For reforms to "succeed” capitalism would need to work smoothly and rationally. But capitalism is a totally anarchic, unco-ordinated system which cannot function in such a way because it only follows one law—the drive for profit. This blows the best-laid schemes of government, planners or reformers apart in its path.
It is quite impossible to achieve a long-term plan for any objective because capitalism is always in some crisis and demands immediate responses to pressures. World events occur with such rapidity that for any country just to try to maintain stability is about as much as they can do. They are so busy swimming against the tide of change that they are using all their strength just to keep their heads above water. They are so busy reacting there is no time to act. So, even if a long-term plan could ever work—and there is no evidence to show that it would and overwhelming evidence to show—that it could not—capitalism is such a dynamic system that it will not stand still long enough to allow such a plan to happen.
Internationally, capitalism has fared no better. All countries face desperate dilemmas in their relationships with other countries. Many stratagems have been put into operation to balance world trade and all have failed. Even if it were possible to devise a financial system which could iron out the tensions in world trade the co-operation of all the major countries would have to be secured. This is impossible because every capitalist country is always following a policy to suit its own interests. Since a major objective is to export more than is imported at any given time, it is obvious that not all can succeed. Add to this the conflicting interests of the multi-nationals and the difficulties encountered in handling lesser developed capitalist countries and it can be seen why reforms of international capitalist relations cannot succeed in harmonizing capitalism on a world basis.
Given the nature of capitalism the puzzle is why do political parties advocate reforms and put them forward with every evidence that they themselves believe their absurd schemes will work? It is a mistake to believe that the capitalists understand their own system. They have never studied it in the way that socialists have. Capitalist economists make their reputations, and get their bread, from supplying "solutions" to capitalist problems. What kind of future would a budding Keynes have if he, or she, pointed out that there is really no way of ensuring a stable economy, that the system always staggers on from crisis to crisis?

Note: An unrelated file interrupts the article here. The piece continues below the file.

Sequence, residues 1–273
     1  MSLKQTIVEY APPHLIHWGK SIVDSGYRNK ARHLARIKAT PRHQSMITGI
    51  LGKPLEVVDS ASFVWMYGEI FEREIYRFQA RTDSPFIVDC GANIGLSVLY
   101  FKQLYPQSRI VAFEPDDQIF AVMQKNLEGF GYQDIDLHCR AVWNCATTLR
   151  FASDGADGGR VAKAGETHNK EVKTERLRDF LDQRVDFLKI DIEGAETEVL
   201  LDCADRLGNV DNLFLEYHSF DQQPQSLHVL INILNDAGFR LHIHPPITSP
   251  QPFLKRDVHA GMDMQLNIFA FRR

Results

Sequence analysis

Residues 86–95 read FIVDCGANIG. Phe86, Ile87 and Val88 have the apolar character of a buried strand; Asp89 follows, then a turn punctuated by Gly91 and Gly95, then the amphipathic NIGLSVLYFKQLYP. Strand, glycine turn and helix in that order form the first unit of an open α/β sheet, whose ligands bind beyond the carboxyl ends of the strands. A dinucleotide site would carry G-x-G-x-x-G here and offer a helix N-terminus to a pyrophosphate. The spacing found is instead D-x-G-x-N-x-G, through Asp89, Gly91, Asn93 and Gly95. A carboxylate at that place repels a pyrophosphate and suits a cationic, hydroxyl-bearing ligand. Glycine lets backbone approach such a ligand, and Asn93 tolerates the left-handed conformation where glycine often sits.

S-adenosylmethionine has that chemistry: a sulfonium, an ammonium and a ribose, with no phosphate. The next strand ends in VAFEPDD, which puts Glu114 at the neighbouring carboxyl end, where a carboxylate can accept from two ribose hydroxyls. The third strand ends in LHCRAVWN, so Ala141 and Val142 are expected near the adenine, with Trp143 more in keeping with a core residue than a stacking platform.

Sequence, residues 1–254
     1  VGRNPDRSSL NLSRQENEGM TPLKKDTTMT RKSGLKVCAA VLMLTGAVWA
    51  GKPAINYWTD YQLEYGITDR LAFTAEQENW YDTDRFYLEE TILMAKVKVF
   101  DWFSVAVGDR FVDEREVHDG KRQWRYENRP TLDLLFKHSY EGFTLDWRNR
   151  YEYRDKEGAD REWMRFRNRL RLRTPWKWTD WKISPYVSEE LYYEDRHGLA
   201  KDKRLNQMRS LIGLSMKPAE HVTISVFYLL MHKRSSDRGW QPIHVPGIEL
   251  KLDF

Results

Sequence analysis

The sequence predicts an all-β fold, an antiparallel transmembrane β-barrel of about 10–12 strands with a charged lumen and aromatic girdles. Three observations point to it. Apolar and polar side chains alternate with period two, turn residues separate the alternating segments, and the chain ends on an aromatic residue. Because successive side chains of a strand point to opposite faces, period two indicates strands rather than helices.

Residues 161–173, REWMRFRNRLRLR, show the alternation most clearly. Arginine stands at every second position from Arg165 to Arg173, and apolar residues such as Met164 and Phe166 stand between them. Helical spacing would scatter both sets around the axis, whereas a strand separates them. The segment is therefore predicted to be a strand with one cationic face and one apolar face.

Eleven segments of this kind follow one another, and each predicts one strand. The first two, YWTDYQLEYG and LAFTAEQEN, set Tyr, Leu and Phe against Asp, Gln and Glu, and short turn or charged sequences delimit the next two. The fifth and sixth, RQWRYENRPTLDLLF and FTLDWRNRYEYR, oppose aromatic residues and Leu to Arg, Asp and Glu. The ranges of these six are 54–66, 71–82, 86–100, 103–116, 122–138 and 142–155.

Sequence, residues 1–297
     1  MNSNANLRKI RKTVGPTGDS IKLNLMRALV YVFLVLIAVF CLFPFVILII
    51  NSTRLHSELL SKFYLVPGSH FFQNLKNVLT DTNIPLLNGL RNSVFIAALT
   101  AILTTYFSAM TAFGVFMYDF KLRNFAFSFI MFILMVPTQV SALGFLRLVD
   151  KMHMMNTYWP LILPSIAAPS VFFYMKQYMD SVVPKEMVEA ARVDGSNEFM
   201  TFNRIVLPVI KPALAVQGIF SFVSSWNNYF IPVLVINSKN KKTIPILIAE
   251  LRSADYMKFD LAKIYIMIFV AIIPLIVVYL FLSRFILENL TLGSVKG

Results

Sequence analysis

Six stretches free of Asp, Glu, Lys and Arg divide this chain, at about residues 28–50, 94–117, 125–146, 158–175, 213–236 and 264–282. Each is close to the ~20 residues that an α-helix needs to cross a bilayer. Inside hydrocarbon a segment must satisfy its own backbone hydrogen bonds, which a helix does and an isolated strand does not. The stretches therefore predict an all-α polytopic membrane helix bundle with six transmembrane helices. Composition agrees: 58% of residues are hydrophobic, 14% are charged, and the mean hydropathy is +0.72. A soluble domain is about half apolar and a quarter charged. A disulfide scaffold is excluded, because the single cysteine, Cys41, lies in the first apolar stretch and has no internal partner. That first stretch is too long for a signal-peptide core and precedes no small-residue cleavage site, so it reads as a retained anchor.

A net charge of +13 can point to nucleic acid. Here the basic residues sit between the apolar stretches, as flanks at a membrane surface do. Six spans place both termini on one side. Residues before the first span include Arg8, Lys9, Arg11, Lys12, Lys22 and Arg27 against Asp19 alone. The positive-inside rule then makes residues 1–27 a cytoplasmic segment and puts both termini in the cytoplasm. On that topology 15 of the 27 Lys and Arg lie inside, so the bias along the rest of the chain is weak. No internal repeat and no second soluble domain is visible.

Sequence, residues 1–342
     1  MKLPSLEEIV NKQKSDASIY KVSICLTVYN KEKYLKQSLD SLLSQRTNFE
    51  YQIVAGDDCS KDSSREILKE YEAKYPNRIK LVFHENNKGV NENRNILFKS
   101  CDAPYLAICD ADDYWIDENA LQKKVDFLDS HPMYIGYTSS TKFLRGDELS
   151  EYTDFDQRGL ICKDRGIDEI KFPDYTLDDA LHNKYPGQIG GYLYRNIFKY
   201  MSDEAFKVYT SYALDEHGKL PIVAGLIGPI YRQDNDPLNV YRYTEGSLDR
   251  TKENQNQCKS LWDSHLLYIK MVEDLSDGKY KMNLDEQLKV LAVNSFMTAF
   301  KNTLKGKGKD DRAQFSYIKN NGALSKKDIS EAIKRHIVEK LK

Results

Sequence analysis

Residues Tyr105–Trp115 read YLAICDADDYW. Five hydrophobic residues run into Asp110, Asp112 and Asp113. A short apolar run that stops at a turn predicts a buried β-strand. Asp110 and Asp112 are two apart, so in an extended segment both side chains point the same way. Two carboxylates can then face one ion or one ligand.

Capitalists are struggling to survive in business and maintain their competitive edge. To do this they must make sufficient profit to re-invest in capital equipment and keep it up-to-date. This has to be their priority. Anything else comes afterwards. It is not the “wicked” capitalist who brings this about; it is not a moral decision, it is an economic necessity.
Given this as the norm—the everyday face of capitalism— where do reforms fit in? Reforms are basically of two kinds; those that are meant to make the capitalist system run a little more smoothly for the capitalist class and those that are meant to ease the lot of the worker. Neither kind can work because only a fundamental change of social system can make any difference. Reforms are not meant to change the fundamental set-up of capitalism; they are expressly the opposite of that. The most that can be achieved is to ease the conditions of a section of the working class for a time. But as fast as a reform is applied fresh problems are thrown up on account of the changing pressures of capitalism.
So the question remains, is it worth the effort? Why bother? Chasing after reforms is a futile effort, a waste of working-class energy when that energy could be put into something that is worthwhile—working for socialism.